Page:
While working in England during the early 1900’s, Alexander Kinnear Wilson, an American neurologist, described the disease. (Schilsky & Brewer, 2009) As with many things, because he was the one who originally described it, it is named after him. Wilson disease is also referred to as hepatolenticular degeneration. (Mayo Clinic, 2009).
It is a genetic, chronic disease that stores up excess copper in the liver. Accumulation of excess copper begins at birth. (Children’s Hospital of Pittsburg, 2010)
Copper is an essential trace metal vital to human health, requiring a small, regular intake to maintain homeostatis. According to Copperinfo (2011), “At least 20 enzymes contain copper and at least 10 of these require copper to function.” The brain, the skin, the heart and the immune system all need copper. Ingested copper is absorbed in the stomach and small intestine. From there, it enters the bloodstream, making its way to the liver. (Copperinfo, 2011)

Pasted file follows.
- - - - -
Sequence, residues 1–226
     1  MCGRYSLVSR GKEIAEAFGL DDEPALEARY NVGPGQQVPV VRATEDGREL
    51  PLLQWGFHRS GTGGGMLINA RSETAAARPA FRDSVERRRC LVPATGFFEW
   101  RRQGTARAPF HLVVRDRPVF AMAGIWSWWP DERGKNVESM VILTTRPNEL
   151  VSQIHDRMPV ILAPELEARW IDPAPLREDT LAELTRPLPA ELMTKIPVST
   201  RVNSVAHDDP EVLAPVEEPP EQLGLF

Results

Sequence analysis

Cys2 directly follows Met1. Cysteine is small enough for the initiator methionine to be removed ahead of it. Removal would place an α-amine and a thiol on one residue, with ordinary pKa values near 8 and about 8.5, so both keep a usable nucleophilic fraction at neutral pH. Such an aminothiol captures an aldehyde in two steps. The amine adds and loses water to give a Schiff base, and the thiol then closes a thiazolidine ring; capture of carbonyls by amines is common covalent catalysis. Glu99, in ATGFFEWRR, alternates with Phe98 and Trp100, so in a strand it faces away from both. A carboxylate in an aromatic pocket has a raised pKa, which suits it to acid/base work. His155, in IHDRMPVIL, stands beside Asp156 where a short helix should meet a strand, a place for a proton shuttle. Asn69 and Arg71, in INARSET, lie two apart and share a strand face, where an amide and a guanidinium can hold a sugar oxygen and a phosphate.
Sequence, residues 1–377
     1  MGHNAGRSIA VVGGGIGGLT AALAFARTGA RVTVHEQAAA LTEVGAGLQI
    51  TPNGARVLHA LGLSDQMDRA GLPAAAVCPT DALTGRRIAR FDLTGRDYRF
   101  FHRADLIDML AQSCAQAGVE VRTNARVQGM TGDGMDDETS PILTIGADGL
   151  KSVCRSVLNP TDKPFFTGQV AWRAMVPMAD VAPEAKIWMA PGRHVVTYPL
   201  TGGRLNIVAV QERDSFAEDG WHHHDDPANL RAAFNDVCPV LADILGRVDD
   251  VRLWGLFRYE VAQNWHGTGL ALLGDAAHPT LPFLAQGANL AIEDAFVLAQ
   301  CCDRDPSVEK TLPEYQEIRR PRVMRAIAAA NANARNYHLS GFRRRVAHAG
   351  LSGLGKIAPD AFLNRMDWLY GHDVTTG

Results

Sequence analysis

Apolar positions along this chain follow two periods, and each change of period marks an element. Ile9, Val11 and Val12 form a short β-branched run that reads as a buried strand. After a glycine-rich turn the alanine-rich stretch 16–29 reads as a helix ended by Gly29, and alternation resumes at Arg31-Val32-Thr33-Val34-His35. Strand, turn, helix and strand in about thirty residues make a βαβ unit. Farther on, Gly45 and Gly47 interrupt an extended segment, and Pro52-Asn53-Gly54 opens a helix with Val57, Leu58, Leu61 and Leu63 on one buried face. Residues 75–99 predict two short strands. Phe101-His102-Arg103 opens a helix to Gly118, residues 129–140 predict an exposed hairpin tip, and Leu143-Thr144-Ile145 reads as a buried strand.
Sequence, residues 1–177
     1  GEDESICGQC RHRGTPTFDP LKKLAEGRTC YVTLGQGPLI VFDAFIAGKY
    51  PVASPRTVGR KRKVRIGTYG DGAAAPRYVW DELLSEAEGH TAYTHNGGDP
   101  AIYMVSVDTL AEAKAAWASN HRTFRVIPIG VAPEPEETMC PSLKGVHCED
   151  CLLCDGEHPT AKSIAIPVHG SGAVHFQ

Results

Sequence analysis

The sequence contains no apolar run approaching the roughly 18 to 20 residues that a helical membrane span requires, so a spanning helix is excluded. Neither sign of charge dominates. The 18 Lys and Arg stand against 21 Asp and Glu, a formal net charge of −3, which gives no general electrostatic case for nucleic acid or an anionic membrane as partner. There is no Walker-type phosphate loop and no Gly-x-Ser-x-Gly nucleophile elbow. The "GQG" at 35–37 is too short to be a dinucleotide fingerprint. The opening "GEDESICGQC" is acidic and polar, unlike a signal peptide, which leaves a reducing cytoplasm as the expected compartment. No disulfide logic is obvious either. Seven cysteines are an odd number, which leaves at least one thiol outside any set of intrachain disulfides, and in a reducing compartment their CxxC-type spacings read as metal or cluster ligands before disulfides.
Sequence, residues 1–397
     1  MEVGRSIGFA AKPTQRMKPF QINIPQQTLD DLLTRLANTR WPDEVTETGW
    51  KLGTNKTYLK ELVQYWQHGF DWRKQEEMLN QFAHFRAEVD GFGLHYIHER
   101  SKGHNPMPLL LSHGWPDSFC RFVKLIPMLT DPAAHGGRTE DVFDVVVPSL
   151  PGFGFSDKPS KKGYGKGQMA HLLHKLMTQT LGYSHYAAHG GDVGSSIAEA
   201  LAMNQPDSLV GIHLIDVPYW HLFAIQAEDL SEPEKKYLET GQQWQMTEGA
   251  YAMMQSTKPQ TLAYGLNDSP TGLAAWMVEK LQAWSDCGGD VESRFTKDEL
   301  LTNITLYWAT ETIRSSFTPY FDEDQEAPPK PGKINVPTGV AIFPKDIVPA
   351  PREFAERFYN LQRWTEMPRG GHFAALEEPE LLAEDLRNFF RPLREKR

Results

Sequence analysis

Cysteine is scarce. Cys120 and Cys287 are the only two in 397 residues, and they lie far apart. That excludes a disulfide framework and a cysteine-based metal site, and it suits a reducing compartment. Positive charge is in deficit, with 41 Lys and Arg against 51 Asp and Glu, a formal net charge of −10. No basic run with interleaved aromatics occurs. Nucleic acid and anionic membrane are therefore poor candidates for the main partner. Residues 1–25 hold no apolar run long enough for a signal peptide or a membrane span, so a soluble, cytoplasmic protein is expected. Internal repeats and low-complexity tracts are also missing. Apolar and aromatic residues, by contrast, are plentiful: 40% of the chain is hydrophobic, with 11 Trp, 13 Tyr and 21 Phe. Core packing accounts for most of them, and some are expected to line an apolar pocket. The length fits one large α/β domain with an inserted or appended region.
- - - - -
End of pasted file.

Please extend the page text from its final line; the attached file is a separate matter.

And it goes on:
A healthy liver serves as a filter. Part of its functionality is metabolizing carbohydr...
... middle of paper ...
...cinnati Children’s Hospital, 2009).
A normal liver adequately filters and removes toxins from the body through the urine or bile. A lack of copper homeostatis in a diseased, damaged liver obstructs this process. This excess accumulation of copper in the liver is Wilson disease. Inherited mutated genes, one from each parent, cause the disease. If only one mutated gene is passed on, then the individual is just a carrier and will never be diagnosed with Wilson disease.
It is prevalent worldwide, including several different ethnic groups. It most often affects children and teens from ages 10 to 20 years old. Occasionally there are exceptions and we see diagnoses of Wilson’s in children as young as three and adults over the age of 50. Treatment is available that, if continued for a lifetime, will maintain copper homeostatis and the patient will live a good life.
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